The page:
The Spanish region of Catalonia's Parliament on Thursday night approved the holding of a referendum on independence from the rest of Spain during the forthcoming regional elections on November 25, local media reported.
The independence referendum was voted for by 84 deputies, with 45 voting against. The Socialist Party abstained.
The call for an independence vote was announced on Tuesday at a Catalan government meeting by regional government head Artur Mas. He said he decided a vote on independence must be taken following a meeting with Spain's Prime Minister Mariano Rajoy, who turned down a Catalan proposal to set the amount of tax it pays to national coffers. Catalonia is Spain's richest region and has its own language.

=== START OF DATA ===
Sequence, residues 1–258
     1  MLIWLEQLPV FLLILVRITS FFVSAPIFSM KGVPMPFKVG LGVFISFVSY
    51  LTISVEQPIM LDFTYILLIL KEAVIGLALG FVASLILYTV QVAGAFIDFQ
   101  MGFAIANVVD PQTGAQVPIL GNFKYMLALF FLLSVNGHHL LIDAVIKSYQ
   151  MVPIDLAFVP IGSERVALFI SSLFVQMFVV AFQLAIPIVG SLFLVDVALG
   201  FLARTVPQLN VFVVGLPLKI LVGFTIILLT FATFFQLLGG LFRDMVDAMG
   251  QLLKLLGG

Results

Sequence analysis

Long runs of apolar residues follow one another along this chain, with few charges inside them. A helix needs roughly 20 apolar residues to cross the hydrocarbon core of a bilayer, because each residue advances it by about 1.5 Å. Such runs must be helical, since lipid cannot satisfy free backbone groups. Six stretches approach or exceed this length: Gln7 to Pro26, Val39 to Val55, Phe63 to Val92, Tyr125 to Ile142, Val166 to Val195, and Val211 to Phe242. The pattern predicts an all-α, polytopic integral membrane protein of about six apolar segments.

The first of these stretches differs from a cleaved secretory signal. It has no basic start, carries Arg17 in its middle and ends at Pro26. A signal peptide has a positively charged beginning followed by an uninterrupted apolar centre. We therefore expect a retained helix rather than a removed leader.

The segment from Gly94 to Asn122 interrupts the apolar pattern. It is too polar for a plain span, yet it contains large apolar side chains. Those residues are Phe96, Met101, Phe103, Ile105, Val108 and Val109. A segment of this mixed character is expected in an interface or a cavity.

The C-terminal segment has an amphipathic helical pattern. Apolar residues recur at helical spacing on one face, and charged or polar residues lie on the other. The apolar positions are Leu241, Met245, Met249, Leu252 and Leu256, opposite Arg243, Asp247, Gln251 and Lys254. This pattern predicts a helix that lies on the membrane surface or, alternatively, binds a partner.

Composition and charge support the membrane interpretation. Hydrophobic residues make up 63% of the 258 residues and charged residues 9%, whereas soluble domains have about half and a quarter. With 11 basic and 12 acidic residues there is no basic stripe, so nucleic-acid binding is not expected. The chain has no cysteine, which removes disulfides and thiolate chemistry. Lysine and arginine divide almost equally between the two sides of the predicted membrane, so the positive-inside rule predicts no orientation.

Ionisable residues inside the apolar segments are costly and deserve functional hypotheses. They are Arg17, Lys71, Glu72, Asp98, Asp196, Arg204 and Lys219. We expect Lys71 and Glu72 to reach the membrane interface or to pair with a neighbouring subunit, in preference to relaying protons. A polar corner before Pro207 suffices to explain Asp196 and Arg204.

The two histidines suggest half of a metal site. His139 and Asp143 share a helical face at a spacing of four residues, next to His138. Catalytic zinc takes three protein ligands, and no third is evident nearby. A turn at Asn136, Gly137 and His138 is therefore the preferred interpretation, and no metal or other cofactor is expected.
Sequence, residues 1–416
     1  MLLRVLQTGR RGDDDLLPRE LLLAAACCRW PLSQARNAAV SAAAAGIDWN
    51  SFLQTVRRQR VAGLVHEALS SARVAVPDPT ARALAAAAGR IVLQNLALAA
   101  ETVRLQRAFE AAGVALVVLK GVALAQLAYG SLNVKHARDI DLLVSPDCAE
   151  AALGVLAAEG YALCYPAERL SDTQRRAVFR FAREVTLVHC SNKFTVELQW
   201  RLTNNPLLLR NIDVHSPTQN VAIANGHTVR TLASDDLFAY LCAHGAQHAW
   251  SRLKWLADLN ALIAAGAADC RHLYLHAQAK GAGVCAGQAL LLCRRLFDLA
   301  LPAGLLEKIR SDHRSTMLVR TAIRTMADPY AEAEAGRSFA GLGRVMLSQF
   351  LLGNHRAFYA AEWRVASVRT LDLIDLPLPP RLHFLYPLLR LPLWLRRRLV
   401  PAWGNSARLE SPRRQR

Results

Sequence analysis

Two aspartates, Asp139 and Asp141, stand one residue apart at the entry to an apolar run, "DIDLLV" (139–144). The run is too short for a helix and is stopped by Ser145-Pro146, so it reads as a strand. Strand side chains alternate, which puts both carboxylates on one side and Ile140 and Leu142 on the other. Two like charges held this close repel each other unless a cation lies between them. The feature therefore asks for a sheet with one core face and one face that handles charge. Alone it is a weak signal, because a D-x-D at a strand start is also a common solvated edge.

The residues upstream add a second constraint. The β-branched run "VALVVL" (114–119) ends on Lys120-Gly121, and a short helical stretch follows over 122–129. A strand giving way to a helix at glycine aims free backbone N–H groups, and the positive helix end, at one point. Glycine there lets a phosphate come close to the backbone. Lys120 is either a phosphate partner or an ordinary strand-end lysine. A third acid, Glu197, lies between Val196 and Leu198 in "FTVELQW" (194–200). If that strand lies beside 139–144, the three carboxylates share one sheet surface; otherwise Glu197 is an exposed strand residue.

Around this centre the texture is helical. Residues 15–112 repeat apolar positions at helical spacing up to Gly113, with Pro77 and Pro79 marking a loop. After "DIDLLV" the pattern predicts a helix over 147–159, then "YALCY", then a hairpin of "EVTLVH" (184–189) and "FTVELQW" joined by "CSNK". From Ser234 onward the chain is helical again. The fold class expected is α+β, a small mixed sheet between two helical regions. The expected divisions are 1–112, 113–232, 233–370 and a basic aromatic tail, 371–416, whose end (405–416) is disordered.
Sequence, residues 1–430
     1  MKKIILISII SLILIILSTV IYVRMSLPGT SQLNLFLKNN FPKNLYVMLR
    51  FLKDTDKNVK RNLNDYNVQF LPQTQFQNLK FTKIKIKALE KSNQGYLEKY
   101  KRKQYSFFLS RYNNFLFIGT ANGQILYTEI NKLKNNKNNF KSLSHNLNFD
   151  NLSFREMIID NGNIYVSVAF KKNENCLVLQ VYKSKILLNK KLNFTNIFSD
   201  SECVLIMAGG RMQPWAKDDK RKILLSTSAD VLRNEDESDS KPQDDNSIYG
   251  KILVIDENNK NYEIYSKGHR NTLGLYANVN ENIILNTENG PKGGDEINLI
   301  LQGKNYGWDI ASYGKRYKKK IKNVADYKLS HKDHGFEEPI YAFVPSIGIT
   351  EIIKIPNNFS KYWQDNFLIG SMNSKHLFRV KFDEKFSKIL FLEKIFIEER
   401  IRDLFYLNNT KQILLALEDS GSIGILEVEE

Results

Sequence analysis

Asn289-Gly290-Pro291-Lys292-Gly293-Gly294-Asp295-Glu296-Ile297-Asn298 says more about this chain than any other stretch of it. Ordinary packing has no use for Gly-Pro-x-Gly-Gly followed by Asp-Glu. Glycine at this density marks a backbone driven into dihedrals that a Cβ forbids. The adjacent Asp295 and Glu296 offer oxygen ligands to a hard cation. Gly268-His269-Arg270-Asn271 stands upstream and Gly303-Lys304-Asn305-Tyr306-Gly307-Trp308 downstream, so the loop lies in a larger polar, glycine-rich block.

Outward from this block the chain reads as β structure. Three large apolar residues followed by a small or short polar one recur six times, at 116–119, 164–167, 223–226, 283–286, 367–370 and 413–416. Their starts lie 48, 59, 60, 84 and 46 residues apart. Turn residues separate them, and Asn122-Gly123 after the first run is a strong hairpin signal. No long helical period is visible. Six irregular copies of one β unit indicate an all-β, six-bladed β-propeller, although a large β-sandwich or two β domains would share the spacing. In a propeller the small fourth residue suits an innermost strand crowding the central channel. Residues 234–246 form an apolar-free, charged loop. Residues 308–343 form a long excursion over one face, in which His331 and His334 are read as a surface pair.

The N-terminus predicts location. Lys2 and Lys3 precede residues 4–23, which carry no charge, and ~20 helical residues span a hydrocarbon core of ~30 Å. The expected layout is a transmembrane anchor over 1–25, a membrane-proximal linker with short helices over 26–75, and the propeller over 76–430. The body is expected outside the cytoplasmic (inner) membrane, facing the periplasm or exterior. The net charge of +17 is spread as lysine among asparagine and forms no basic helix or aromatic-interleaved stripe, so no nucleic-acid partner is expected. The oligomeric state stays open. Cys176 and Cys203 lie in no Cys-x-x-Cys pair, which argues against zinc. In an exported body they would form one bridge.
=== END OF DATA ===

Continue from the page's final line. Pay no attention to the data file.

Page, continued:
Spain's Deputy Prime Minister Soraya Saenz de Santamaria said the government would use any legal mechanism to prevent Catalonia seceding from Spain.
Catalonia wants the status of a European sovereign nation.
The move toward independence comes as Spain presented an austerity budget this week, in an attempt to shore-up its beleaguered economy. The country has the highest unemployment in the EU at 25 percent, rising to 50 percent among 16-24 year-olds.
The government is due to release the results of an audit into the Spanish banking sector later today, which economists expect to reveal a huge black hole left by toxic real estate assets resulting from a property bubble caused by cheap credit.